usual liberal suspects went wild when some NYPD officers were discovered to have referred, in a Facebook conversation, to the “animals” and “savages” at the annual West Indian Day parade. Writing in today’s
(1) that the officers’ remarks were appropriate, or at least not inappropriate; (2) that police officers and others will continue to use such language so long as the black community continues to be several orders of magnitude more violent than the rest of society; and (3) that police officers who have been criticized by black “leaders” for not living in New York City and thus supposedly not being sufficiently in touch with the “community” and its concerns care more about protecting the black victims of black savagery than the do black “leaders” (not to mention the white liberals). Among the officers who live or lived on Long Island was the recently murdered Peter Figosky.
I would remind readers of the times I have been condemned at this site and elsewhere for describing black savages as “savages.” Now twice in the last week, writers in the New York Daily News (see Renee Barrett’s column) and the New York Post have affirmatively defended the term, and even (in the case of Barrett) used it. Still, it’s gutsy of Mac Donald, who lacks Barrett’s pigmental protection, to say that the officers’ language was appropriate. I still remember the explosion of apocalyptic rage I set off when, 20 years ago, I said to a group of New York liberals at a Thanksgiving Day dinner that “The Willie Horton ad was perfectly valid.”
The real outrage
By HEATHER MAC DONALD
December 18, 2011
According to a bill recently introduced in Albany, heroic Police Officer Peter Figoski, killed last week responding to a robbery, wasn’t fit to serve the city. Brooklyn Assemblyman Hakeem Jeffries, the bill’s author, would ban anyone who lives outside the five boroughs from starting a career with the NYPD. Figoski, a 22-year decorated veteran of the department, lived in Suffolk County—for Jeffries, a place of apparent ignominy whose residents are less likely “to understand our community.”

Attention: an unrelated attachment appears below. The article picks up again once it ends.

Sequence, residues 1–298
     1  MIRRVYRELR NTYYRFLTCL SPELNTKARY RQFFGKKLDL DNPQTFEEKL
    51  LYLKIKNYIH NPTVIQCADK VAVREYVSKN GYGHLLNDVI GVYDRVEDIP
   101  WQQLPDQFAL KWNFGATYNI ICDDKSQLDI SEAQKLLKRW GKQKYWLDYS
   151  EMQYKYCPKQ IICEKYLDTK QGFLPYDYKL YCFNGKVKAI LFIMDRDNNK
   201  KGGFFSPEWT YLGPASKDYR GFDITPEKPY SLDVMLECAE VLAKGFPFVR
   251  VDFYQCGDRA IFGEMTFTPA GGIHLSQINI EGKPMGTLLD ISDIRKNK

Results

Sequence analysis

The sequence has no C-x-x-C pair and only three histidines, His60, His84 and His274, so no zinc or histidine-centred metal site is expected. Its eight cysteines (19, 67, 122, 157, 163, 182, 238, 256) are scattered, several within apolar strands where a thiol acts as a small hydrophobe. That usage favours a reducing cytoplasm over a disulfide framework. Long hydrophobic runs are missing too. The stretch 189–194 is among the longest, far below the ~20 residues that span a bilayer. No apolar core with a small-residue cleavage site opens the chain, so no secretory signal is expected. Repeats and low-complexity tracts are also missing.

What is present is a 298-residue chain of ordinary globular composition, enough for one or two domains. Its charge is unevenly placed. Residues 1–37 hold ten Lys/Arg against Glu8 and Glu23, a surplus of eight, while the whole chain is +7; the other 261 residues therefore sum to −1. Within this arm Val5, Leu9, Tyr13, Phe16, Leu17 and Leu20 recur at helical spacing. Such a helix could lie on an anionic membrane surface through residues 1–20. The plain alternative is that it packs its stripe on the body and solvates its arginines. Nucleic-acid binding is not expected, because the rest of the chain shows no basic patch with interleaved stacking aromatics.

Figoski’s distinguished career resoundingly refutes such thinly veiled racial profiling: Up to the very moment that he gave his life, he courageously protected the residents of one of New York’s poorest and most crime-filled precincts.
The idea of a residency requirement periodically surfaces in response to racially tinged controversies. This time, the trigger was the discovery on Facebook of hostile comments by NYPD officers about the West Indian American Day Parade. The affair provides a window into the painful realities of inner-city policing.
A Facebook group that described itself as NYPD officers “forced to be victims themselves by the violence of the West Indian Day massacre” used contemptuous language to refer to the shootings and stabbings that have plagued the parade over the last decade. “Welcome to … Liberal NYC,” ran one post, “where if the cops sneeze too loud they get investigated for excessive force but the ‘civilians’ can run around like savages and there are no repercussions.” Said another: “They can keep the forced overtime,” because the safety of officers comes “before the animals.” One writer suggested: “Let them kill each other.”
Predictably, politicians jumped to condemn the Facebook page, which The New York Times had highlighted on its front page. “Disgusting,” said Public Advocate Bill de Blasio. “Reprehensible,” chimed in Scott Stringer, the Manhattan borough president. Brooklyn beep Marty Markowitz deemed the comments “racist.”